How are Fusion Centers funded?
Fusion Centers are owned and operated by state and local governments. Fusion Centers are fully funded through state or local budgets and federal grants. Fusion Centers and the work they perform are considered eligible activities for several types of DHS and DOJ grant programs (examples include: DHS’s State Homeland Security Program and the Urban Areas Security Initiative, and DOJ’s COPS and Byrne Justice Assistance grants). If a Fusion Center is using federal grant funds, they are required to prioritize their allocation of grant funding to meet the baseline capabilities identified in the Baseline Capabilities Document.
What is the Federal Government’s plan for sustaining Fusion Centers?
Fusion Centers are owned and operated by state and local governments and support local law enforcement and homeland security officials to protect local communities.
They also support important national needs as well, as recognized in the National Strategy, Fusion Centers, when operating at a baseline capability and interlinked will create a national capacity to gather, process, analyze, and share information.
The Strategy states that “a sustained federal partnership with... Fusion Centers is critical to the safety of our nation, and therefore a national priority,” and that the Federal Government may need to provide financial and technical assistance, as well as human resource support, to these Fusion Centers if they are to achieve and sustain a baseline capability.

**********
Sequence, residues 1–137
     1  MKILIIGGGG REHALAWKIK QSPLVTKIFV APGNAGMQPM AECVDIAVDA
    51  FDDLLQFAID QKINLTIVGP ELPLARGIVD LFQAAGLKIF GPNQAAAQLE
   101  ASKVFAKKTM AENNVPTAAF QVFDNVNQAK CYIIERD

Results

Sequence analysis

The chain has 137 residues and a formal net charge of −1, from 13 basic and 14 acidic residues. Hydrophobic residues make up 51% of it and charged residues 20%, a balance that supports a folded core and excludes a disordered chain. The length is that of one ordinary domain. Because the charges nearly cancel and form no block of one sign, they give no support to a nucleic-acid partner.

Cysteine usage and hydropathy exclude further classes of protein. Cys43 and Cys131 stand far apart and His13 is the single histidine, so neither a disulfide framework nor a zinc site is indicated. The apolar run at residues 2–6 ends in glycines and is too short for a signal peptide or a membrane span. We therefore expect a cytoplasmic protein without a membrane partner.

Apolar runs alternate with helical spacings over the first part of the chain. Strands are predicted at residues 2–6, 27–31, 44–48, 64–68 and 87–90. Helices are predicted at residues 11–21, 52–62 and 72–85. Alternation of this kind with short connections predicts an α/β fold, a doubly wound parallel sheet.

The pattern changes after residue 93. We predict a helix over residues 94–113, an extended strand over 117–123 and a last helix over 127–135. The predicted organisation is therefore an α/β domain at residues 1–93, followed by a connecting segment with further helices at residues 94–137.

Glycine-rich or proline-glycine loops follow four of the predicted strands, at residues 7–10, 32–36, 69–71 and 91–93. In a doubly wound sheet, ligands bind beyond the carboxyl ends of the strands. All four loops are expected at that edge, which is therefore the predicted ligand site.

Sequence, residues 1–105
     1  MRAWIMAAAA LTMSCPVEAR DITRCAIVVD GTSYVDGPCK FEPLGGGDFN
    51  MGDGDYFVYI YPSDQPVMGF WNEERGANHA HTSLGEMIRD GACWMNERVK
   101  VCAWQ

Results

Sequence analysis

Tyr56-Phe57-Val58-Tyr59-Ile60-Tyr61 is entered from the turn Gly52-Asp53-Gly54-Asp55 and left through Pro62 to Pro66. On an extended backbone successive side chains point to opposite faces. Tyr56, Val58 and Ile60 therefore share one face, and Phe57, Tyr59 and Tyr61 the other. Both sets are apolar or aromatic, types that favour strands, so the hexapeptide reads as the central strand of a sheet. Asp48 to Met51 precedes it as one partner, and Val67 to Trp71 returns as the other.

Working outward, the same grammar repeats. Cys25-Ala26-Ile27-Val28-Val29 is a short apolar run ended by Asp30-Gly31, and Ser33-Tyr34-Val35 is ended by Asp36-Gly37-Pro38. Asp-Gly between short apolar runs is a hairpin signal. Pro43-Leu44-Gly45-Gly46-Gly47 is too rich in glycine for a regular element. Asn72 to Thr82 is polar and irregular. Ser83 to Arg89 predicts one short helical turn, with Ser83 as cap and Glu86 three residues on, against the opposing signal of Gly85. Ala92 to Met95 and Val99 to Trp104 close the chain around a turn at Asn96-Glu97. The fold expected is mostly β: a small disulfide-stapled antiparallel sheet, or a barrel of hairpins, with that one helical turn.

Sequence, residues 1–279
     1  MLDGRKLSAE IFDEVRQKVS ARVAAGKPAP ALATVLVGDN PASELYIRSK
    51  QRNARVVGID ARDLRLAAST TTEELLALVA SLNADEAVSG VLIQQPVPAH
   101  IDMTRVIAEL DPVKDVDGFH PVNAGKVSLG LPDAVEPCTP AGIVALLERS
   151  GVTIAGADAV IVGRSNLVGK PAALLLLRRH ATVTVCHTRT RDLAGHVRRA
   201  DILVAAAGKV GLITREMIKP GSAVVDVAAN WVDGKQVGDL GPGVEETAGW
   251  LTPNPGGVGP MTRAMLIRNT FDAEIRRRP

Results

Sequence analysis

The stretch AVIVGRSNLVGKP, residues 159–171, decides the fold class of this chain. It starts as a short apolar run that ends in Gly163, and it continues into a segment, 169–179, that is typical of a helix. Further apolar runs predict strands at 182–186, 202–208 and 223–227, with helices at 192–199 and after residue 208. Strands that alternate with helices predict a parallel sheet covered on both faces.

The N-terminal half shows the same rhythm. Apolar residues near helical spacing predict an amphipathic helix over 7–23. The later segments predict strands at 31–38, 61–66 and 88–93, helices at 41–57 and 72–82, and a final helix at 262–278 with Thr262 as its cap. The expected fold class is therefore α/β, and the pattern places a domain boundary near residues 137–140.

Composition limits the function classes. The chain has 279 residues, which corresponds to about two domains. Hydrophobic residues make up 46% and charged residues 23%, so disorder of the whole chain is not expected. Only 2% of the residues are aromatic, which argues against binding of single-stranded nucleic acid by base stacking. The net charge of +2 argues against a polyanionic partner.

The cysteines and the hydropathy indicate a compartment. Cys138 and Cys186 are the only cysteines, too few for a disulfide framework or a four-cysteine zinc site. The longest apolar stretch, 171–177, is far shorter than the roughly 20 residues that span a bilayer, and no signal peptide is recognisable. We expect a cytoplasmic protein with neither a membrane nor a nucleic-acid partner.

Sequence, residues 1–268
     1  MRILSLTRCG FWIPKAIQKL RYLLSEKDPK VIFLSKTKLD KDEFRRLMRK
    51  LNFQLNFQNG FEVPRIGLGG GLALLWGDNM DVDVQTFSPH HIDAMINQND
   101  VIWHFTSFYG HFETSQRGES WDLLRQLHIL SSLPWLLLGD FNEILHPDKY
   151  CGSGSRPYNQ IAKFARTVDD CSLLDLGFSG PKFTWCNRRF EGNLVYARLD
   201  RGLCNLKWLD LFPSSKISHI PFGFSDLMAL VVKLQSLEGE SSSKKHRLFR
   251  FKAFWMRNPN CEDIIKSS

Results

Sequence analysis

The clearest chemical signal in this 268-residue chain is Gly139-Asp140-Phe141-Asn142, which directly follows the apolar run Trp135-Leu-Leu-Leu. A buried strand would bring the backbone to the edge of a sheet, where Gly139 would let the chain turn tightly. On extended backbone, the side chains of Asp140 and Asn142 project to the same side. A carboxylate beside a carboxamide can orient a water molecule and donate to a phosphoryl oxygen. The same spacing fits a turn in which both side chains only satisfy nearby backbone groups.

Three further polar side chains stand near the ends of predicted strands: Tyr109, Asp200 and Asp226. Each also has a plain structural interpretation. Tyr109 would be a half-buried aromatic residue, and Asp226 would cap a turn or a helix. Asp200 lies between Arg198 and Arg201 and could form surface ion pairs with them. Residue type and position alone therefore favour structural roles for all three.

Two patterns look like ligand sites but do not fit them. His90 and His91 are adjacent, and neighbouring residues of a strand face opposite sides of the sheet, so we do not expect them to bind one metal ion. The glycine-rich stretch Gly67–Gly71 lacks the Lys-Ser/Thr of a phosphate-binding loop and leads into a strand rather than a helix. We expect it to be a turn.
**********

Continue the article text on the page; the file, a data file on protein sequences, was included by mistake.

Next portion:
The Federal Government has identified and continues to enhance its support to Fusion Centers in the following areas:
- Mission-based Support, directly supporting the mission by sharing relevant information and subject-matter expertise:
- Co-locating federal personnel at Fusion Centers;
- Enhancing information and analysis provided from the Federal Government to Fusion Centers. (ex. Terrorist Screening Center – see Fact Sheet for more information)
- Service-Based Support, providing services to assist the operations of the Fusion Centers:
- Free training and technical assistance on a variety of critical capabilities, including privacy and civil liberties
- Access to classified and unclassified information networks
- Physical Security Guidance
- Classified Work Environment/Security Clearances